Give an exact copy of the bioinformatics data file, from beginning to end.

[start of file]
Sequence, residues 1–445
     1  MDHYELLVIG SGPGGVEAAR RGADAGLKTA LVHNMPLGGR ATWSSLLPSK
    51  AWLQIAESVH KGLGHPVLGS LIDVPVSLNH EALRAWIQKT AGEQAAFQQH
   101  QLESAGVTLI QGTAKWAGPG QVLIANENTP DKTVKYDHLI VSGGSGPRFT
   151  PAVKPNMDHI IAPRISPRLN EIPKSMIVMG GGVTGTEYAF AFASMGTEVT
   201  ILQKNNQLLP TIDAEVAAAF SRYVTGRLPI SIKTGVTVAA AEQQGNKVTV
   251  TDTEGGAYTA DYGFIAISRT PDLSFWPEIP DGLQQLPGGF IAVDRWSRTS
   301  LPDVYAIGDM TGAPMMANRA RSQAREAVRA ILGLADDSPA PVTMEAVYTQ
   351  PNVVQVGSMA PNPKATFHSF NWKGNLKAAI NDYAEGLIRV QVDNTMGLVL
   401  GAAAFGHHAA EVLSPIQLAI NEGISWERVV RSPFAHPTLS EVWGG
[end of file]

Sequence, residues 1–445
     1  MDHYELLVIG SGPGGVEAAR RGADAGLKTA LVHNMPLGGR ATWSSLLPSK
    51  AWLQIAESVH KGLGHPVLGS LIDVPVSLNH EALRAWIQKT AGEQAAFQQH
   101  QLESAGVTLI QGTAKWAGPG QVLIANENTP DKTVKYDHLI VSGGSGPRFT
   151  PAVKPNMDHI IAPRISPRLN EIPKSMIVMG GGVTGTEYAF AFASMGTEVT
   201  ILQKNNQLLP TIDAEVAAAF SRYVTGRLPI SIKTGVTVAA AEQQGNKVTV
   251  TDTEGGAYTA DYGFIAISRT PDLSFWPEIP DGLQQLPGGF IAVDRWSRTS
   301  LPDVYAIGDM TGAPMMANRA RSQAREAVRA ILGLADDSPA PVTMEAVYTQ
   351  PNVVQVGSMA PNPKATFHSF NWKGNLKAAI NDYAEGLIRV QVDNTMGLVL
   401  GAAAFGHHAA EVLSPIQLAI NEGISWERVV RSPFAHPTLS EVWGG